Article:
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Alcohol

Heavy drinking tied to heart rhythm problem in men

By Anthony J. Brown, MD

NEW YORK (Reuters Health) - Men who consume 35 or more alcoholic drinks per week are 45 percent more likely to experience atrial fibrillation, a heart rhythm problem, than their peers who consume less than one drink per week, new research shows.

The same probably holds true in women, but no firm conclusions could be reached because there weren't enough women in the study who were classified as heavy drinkers.

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Alcohol seems to lower risk of non-Hodgkin lymphoma

Tue Jun 7, 2005

By Patricia Reaney

LONDON (Reuters) - Drinking alcohol may reduce the risk of developing cancers of the lymphatic system, researchers said Tuesday.

An analysis of nine studies involving 15,000 people from the United States, Britain, Sweden and Italy showed that people who drank alcohol had about a 27-percent lower chance of developing non-Hodgkin lymphoma (NHL) than non-drinkers.

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Need help cutting back on alcohol? Try kudzu

By Alison McCook Mon May 16, 2005

NEW YORK (Reuters Health) - Heavy drinkers who tried the herbal extract kudzu for one week downed fewer drinks than people who received an inactive placebo treatment, according to new study findings released Monday.

Study author Dr. Scott E. Lukas of McLean Hospital and Harvard Medical Center in Massachusetts explained that during the experiment, people drank their first beer right away, but were less likely to want more beer if they had taken kudzu the previous week.

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Success of designated-driver campaigns unclear

Thu May 26, 2005

By Amy Norton

NEW YORK (Reuters Health) - There is little evidence that designated-driver campaigns and promotions have helped reduce the number of people who drive drunk, according to a new research review.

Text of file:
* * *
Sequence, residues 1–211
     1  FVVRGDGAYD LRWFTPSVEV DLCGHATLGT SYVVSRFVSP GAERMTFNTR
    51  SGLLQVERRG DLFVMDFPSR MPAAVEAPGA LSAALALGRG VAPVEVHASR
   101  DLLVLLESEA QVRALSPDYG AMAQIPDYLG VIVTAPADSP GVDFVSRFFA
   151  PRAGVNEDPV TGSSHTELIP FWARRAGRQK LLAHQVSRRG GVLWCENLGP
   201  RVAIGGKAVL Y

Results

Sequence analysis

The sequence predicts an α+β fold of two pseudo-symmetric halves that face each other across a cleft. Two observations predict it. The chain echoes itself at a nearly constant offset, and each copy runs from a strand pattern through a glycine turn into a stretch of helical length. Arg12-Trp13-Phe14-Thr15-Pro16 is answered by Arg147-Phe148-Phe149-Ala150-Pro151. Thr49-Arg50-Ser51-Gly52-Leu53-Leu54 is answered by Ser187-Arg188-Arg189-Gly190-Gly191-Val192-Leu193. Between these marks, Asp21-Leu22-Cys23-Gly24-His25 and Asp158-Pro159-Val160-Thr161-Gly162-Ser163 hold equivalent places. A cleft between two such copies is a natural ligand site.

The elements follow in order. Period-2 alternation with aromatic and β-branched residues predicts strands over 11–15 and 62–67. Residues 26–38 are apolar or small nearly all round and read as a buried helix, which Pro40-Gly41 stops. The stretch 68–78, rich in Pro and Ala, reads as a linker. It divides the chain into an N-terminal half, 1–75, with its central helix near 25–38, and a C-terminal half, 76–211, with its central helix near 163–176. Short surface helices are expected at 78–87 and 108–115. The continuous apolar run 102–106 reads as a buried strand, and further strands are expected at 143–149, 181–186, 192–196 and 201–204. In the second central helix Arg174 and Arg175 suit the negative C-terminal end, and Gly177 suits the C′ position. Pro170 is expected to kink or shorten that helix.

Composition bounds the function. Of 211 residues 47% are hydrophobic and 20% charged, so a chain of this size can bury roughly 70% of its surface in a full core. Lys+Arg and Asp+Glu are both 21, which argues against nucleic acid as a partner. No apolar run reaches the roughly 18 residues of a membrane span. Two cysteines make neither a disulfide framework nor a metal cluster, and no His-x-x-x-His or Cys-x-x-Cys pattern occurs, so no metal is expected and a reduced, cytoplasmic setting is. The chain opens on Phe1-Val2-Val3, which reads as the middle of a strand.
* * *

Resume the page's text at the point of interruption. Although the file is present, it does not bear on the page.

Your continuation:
The review, of nine studies that evaluated a single media campaign and several promotions at bars and clubs, found that some of these publicity efforts were mildly successful in getting drinkers to choose a designated driver.

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Alcohol harms women's brains faster than men's

NEW YORK (Reuters Health) - Although women are generally less likely than men to become dependent on alcohol, they appear to develop alcoholic brain damage more rapidly than men, German researchers report.

Dr. Alexander Diehl told Reuters Health, "There is evidence for a faster progression of the developmental events leading to dependence among female alcoholics -- the telescoping effect -- and an earlier onset of adverse consequences of alcoholism."

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Need help cutting back on alcohol? Try kudzu

Mon May 16, 2005

By Alison McCook

NEW YORK (Reuters Health) - Heavy drinkers who tried the herbal extract kudzu for one week downed fewer drinks than people who received an inactive placebo treatment, according to new study findings released Monday.

Study author Dr. Scott E. Lukas of McLean Hospital and Harvard Medical Center in Massachusetts explained that during the experiment, people drank their first beer right away, but were less likely to want more beer if they had taken kudzu the previous week.

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Single malt whisky 'can protect you from cancer', conference told

Sun May 8, 2005

LONDON (AFP) - Single malt whisky can beat the threat of cancer, thanks to high levels of a powerful antioxidant that kills cancer cells, a medical conference in Scotland was told.

Jim Swan, an independent consultant to the global drinks industry, said that, according to research, single malt whisky contains "more ellagic acid than red wine".

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